The key is not the scale of the individual organisation, but the collective scale of the network. This can be done at any budget level.
‘We have some institutions that have a significant amount of resources and others that have barely anything. If you can think of a better way to build your CRM (Customer Relationship Management), then collect and share that data across a network, then smaller groups can benefit. It is really about learning how to collaborate,’ Harley said.
Read: The art of collaboration
Michael Brealey, CEO, Create NSW, added: That intersection is the sweet spot in terms of innovation, but it is about finding the right partnerships, and often they need to be brokered. Creating career pathways in small organisations is often about finding a bigger organisation to partner with, and the same could be said of technology.'
Similarly, for The Studio it was human contact and grassroots value-matching that formed the foundation for its global incubator brand – a new model that pairs technology with creatives.
Founder and CEO of The Studio, Chantal Abouchar explained: ‘At the heart of it is a community we have built over the last two years through our meet up group – people who are interested in how technology is impacting the creative sector and how it might future proof the industry.’
She continued: ‘Like any good start-up, we knew we had to be global from day one. We want to be able to help our residents be successful, and help place them where they need to be globally so we worked on getting some reciprocal branches in place – where our members can parachute into those communities.’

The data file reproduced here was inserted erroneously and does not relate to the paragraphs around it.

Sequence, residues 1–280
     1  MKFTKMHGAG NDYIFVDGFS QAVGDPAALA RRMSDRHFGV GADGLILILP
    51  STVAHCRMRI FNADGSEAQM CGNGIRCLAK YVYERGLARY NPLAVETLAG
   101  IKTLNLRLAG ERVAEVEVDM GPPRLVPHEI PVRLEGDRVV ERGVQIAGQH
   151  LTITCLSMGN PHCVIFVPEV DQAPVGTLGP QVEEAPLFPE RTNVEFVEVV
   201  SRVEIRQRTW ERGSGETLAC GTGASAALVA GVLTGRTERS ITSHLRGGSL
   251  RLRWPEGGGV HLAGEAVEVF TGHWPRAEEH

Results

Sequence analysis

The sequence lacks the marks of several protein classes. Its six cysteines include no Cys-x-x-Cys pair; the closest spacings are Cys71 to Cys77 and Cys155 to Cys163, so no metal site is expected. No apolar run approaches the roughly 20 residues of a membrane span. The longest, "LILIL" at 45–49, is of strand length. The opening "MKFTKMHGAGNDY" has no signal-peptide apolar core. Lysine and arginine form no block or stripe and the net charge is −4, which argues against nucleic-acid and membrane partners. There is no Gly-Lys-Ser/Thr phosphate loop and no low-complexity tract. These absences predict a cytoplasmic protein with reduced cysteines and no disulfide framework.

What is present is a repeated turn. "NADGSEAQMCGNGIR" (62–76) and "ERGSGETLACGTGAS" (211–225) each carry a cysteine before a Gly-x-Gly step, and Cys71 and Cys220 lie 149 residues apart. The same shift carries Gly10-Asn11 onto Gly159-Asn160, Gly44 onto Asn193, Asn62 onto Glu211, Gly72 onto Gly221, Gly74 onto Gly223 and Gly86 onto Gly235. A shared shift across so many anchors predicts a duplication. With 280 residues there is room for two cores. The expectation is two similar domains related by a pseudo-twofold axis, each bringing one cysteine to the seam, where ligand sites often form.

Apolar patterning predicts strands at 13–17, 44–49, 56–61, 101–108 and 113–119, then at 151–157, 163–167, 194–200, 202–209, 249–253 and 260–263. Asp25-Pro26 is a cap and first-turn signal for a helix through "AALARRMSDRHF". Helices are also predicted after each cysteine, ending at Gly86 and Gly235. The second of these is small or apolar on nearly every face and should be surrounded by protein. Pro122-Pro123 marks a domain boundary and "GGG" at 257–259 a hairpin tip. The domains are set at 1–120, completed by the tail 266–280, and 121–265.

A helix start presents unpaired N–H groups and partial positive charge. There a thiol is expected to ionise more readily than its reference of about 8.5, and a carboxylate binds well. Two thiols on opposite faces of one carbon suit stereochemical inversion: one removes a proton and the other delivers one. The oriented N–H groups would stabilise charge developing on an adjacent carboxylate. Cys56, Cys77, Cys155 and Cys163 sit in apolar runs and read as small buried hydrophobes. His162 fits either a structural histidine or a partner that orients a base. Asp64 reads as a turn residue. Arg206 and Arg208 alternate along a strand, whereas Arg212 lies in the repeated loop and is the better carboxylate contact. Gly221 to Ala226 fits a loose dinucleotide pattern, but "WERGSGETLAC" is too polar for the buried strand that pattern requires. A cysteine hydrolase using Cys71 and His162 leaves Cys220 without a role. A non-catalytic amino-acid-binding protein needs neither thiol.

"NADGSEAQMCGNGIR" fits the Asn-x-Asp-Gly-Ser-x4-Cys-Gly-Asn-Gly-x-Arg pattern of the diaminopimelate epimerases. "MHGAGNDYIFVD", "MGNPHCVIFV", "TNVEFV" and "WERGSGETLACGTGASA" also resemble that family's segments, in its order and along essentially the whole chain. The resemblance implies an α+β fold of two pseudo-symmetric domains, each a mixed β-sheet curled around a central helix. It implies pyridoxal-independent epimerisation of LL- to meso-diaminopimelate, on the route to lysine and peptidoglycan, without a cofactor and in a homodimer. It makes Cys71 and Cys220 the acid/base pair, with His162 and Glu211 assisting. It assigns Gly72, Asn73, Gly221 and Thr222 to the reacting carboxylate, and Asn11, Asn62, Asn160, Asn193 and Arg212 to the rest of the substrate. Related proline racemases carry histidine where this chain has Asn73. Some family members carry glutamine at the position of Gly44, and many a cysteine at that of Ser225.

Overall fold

She continued: ‘It allows us to reach into other communities and to harness another set of values and bring that to what they are doing here.’
These networks formed by The Studio don’t happen automatically overnight.
‘We have limited funds, but the other incubators have been very generous in sharing their information on their technological infrastructure and how they did it – we are using a lot of their intel. And there are a lot of inexpensive tools out there, you just have to know about them and how to patch them together and you can actually run a very powerful organisation,’ concluded Abouchar.
Harley said: ‘We can invent all kinds of ways to work with people we might not have thought we could work with in the past.’
Anther way of sharing information is the new online initiative Kindred.place, a knowledge exchange for cultural industries that are focused on creative enterprise.
In the cultural sector we are traditionally disconnected, and are still often locked into the head space of not being able to share – either from fear of competition or more simply, because of incompatible systems of data collection and program scheduling.
Harley said: ‘There are so many different scales that we operate at. We need to better coordinate and share resources, or even just the protocols and development outcomes around innovation and collaboration.’
The mantra “more than the sum of its parts” is clearly still relevant today – perhaps more than ever.
This article is based in part on a panel discussion at the REMIX summit held in Sydney in December.